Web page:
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Roma vs Bologna Preview

With a depleted squad in tow, Roma travel north to take on Davide Moscardelli and his beleaguered Bologna squad.

Mario Carlini / Iguana Press

Saturday's match against Bologna is a study in contrasts, not so much in form or function, but in results. Roma has won four of their past five league matches, while Bologna has won four. Four matches. All season. That's not a misprint, four. If you need further proof of this disparity, take a look at the balance sheets. Goals scored: Roma 48, Bologna 22. Goals conceded: Roma 11, Bologna 40. Losses: Roma 1, Bologna 11.

Bologna isn't good at this thing we call calcio, and their one traditional point of interest, Alessandro Diamanti, is in China, so, trust me when I tell you this will be a Roma centric preview.

Roma v.Bologna:February 22 20:45 CET, 14:45 EST Stadio Renato Dall'Ara Bologna, Italia

You know how it goes, before we look forward, let's look backwards.

Last Match:

September 29, 2013: Roma 5, Bologna 0

This one was a laugher, that's for sure.

Roma's most lopsided victory of the season began in only the eighth minute, following a beautifully struck free kick by Miralem Pjanic. Quite frankly, the parry by Gianluca Curci wasn't that bad; he covered a decent amount of ground and made solid contact, but it almost looked like it careened off the bottom of his palms, falling downwards rather than truly being parried to the side. While it may have been a minor error, that's really all it took for Alessandro Florenzi to seize the moment. Credit to Ale, though; not only did he managed to escape Cristaldo's barely legal arm bar, he blew past several other Bologna players to find himself in the right place at the right time.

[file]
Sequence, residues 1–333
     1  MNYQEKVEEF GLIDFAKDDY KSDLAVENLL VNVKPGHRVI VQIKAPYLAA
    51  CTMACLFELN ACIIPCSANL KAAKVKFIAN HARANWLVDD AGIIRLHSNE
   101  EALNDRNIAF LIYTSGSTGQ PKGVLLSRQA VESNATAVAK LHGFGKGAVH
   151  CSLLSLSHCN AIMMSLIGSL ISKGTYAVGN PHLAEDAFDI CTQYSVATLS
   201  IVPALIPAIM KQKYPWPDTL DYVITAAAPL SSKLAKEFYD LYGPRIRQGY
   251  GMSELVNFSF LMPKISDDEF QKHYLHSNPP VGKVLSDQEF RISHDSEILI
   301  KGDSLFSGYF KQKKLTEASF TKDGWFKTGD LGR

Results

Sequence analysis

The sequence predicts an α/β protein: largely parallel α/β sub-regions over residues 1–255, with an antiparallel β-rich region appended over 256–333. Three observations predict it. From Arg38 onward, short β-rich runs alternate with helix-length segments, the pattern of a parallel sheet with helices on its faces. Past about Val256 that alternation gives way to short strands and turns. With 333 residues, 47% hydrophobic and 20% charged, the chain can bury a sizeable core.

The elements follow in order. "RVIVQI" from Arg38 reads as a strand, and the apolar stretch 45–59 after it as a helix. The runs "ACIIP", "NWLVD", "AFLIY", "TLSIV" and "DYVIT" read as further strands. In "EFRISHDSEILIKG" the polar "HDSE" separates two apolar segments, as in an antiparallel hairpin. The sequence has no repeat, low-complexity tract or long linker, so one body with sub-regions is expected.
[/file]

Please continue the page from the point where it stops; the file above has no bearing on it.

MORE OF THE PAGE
The next goal, well, that was just a world class display of a cohesive counter attack. Following a Bologna corner kick, Kevin Strootman planted his forehead on the arrant corner, blasting it more than 20-yards up the pitch. Strootman's clearance confounded the closest Bologna attackers, who were unable to make a play on the loose ball, which eventually found its way to Gervinho, who quickly tapped it back to Stroot, who then proceeded to boot it nearly half way up the pitch to a streaking Florenzi.

Let's take a break here for a second and admire that counter attack.

Watch that again and notice how, as Gervinho moves towards the loose ball, Florenzi immediately makes a break towards the sideline, and then dashes up field, as if he knew exactly when and where Strootman would play the ball. While this seamless transition from defense to attack is impressive for any team, think about this for a minute. Between Strootman, Gervinho and Florenzi, we're talking three different languages, three men who played in three different leagues last year, and three men who had only been together for, what, six weeks at that point? Simply stunning.

But the intuitive play didn't stop there. Florenzi, seemingly aware that his mad dash had run out, held up play, tapped it back to Totti, who quickly found the still moving Gervinho, who took on two admittedly lax defenders and beat Curci on the near post.

While the goal itself may not be burned into your memory, you'll seldom see a better build up than that. Counter attacking football can be both effective and aesthetically pleasing, and with players like Strootman, who can dispossess and pass with equal ability, linking up with racehorses like Florenzi and Gervinho, few sides can rival the sight of Roma on the counter.

Roma would go on to score three more, belittling Bologna and testing the limits of Carlo Zampa's larynx in the process.

Battle in Bologna

I use the term ‘battle' loosely, of course. As we mentioned, Bologna is a barely passable Serie A side these days, one who has struggled mightily against Roma in the 21st century. Don't believe me? Well, try this on for size; Bologna has only defeated Roma four times since the dawn of Y2K. With such paucity in overall wins, would it surprise you if I told you that Bologna has only beaten Roma at the Renato Dall'Ara twice since 2002? This matchup has been about as one sided as they come, especially when you consider how poorly Bologna has defended their home ground.